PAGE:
Social Security Number

Instead, we often prefer to let the database generate a new surrogate Id for us. A commonly recommended pattern in legacy SQL databases is to use an automatically incrementing number as the primary key. However, this has its own security risks because those Ids are “guessable”. And, in a distributed database such as CockroachDB, this has other consequences we need to take into account.

The challenge of distributing records

Remember, CockroachDB uses the primary key for more than just identifying or querying a record. It is also used to determine how records are distributed in the cluster.

Without going into detail, the important thing to understand is that CockroachDB will sort and then divide the primary keys into ranges. These ranges will be distributed across the cluster (for more information see the free course: Introduction to CockroachDB & Distributed SQL.

Primary Keys Sorted into Ranges and Distributed in a Cluster

The problem with an automatically incrementing Id is that when you sort and divide the keys, all the newer entries end up in the last range. This creates a hotspot in your cluster because all of the new inserts will target that single range. In addition, in many applications, newer records are accessed more frequently than older ones (eg. social media feeds), so the read traffic may suffer from hotspots as well.

The problem of distribution can apply even in natural keys. For example, an address seems like a good natural key in a lot of cases. However, some applications experience heavier traffic in certain regions at certain times of the day. In a food delivery application, the traffic in New York during the lunch hour might create a significant amount of load. If we rely on the address to distribute across our cluster, it creates a potential hotspot because the New York records may end up in the same range. Hopefully, in this case, other major eastern cities will balance out the load. But if it doesn’t we may want to consider a surrogate key instead.

So, when we find ourselves in a situation where we need to use a surrogate key, what should we use instead of an auto-incrementing number?

Universally Unique Identifiers (UUIDs)

The recommended approach for generating surrogate keys in CockroachDB is to use a Universally Unique Identifier (UUID). These are sometimes also known as Globally Unique Identifiers (GUID).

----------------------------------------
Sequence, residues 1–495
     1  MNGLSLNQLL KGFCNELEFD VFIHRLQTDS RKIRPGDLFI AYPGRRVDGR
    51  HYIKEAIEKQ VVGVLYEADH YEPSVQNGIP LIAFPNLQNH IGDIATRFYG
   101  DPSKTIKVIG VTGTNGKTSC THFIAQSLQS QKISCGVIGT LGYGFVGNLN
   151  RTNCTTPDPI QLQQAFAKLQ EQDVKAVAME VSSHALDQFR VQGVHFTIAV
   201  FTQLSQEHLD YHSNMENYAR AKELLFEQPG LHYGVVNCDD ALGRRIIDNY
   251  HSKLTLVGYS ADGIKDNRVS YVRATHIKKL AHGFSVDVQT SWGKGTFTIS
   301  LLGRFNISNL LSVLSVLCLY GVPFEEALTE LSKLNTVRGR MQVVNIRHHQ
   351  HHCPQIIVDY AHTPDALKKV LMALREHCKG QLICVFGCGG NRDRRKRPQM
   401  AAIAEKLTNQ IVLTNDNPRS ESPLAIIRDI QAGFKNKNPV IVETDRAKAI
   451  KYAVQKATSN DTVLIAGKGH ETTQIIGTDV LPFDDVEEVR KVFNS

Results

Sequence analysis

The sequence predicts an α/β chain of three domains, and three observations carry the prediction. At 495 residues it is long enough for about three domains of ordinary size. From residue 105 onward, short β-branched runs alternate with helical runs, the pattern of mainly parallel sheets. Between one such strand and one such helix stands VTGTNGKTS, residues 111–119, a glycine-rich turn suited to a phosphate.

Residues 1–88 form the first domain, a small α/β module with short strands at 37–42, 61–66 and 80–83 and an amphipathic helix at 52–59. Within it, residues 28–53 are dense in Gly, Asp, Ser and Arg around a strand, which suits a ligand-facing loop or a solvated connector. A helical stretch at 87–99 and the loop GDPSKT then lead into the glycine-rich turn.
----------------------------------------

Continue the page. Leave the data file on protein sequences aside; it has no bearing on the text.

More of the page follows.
There are several advantages to using a UUID as the primary key.

UUIDs, if generated with sufficient randomness, are functionally unique. CockroachDB implements a suitable UUID generator in the form of the SQL function gen_random_uuid(). You can use this function to generate unique UUIDs to be assigned to your primary key. A common pattern is to set it to the default value of your UUID column.

Generating UUIDs requires no central authority. This is different from an auto-incrementing number where you need a central authority to determine what the next number should be. With a UUID, they can be generated wherever needed and still be unique. Every CockroachDB node is capable of generating those Ids, which eliminates any central bottleneck.

Auto-Incrementing Ids vs UUIDs

They also make an excellent key for distributing data in your CockroachDB cluster. Because of their random nature, each new UUID is likely to end up in a different range from the previous one. Your data will not be distributed by time, location, or any other logical grouping. As a result, reads and writes using the primary key will tend to be evenly distributed across the cluster, avoiding potential hotspots.

For these reasons, among others, it is recommended to use UUIDs whenever you need a surrogate key in CockroachDB.

Conclusion

Selecting a good primary key for your table is important to ensure that your database behaves in a healthy manner. Unfortunately, some of the standard approaches to selecting primary keys are outdated in a distributed database such as CockroachDB. Some people prefer natural keys when they are available, but you need to make sure they will distribute well, and they won’t create hotspots. If you decide to use a surrogate key for your table, use a UUID to ensure your data will be evenly distributed across the cluster.

If you want to learn more I recommend starting on our SQL Skills for Application Developers learning path. I know there are a lot of online learning resources for SQL, but most of them are made for data scientists and DBAs. Whereas our SQL courses are intentionally built for application developers.

About the author

Wade Waldron

Wade has been a Software Developer since 2005. He has worked on video games, backend microservices, ETL Pipelines, IoT systems and more. He is an advocate for Test-Driven Development, Domain-Driven Design, Microservice Architectures, and Reactive Systems. Today, Wade works as a Curriculum Developer at Cockroach Labs where he teaches people how to build modern applications on a distributed SQL database.